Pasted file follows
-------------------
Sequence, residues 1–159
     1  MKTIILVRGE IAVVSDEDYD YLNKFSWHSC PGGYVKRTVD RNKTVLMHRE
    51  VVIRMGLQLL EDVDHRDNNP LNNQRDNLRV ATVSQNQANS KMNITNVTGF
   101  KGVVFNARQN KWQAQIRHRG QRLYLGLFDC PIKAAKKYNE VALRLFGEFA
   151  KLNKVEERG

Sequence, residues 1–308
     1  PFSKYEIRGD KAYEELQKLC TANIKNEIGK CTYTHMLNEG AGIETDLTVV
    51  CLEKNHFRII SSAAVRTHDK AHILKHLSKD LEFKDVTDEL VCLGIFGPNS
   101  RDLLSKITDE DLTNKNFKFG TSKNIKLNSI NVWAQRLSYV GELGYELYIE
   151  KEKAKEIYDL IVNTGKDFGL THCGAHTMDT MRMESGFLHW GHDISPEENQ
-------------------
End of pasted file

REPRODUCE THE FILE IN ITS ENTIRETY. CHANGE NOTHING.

Sequence, residues 1–159
     1  MKTIILVRGE IAVVSDEDYD YLNKFSWHSC PGGYVKRTVD RNKTVLMHRE
    51  VVIRMGLQLL EDVDHRDNNP LNNQRDNLRV ATVSQNQANS KMNITNVTGF
   101  KGVVFNARQN KWQAQIRHRG QRLYLGLFDC PIKAAKKYNE VALRLFGEFA
   151  KLNKVEERG

Sequence, residues 1–308
     1  PFSKYEIRGD KAYEELQKLC TANIKNEIGK CTYTHMLNEG AGIETDLTVV
    51  CLEKNHFRII SSAAVRTHDK AHILKHLSKD LEFKDVTDEL VCLGIFGPNS
   101  RDLLSKITDE DLTNKNFKFG TSKNIKLNSI NVWAQRLSYV GELGYELYIE
   151  KEKAKEIYDL IVNTGKDFGL THCGAHTMDT MRMESGFLHW GHDISPEENQ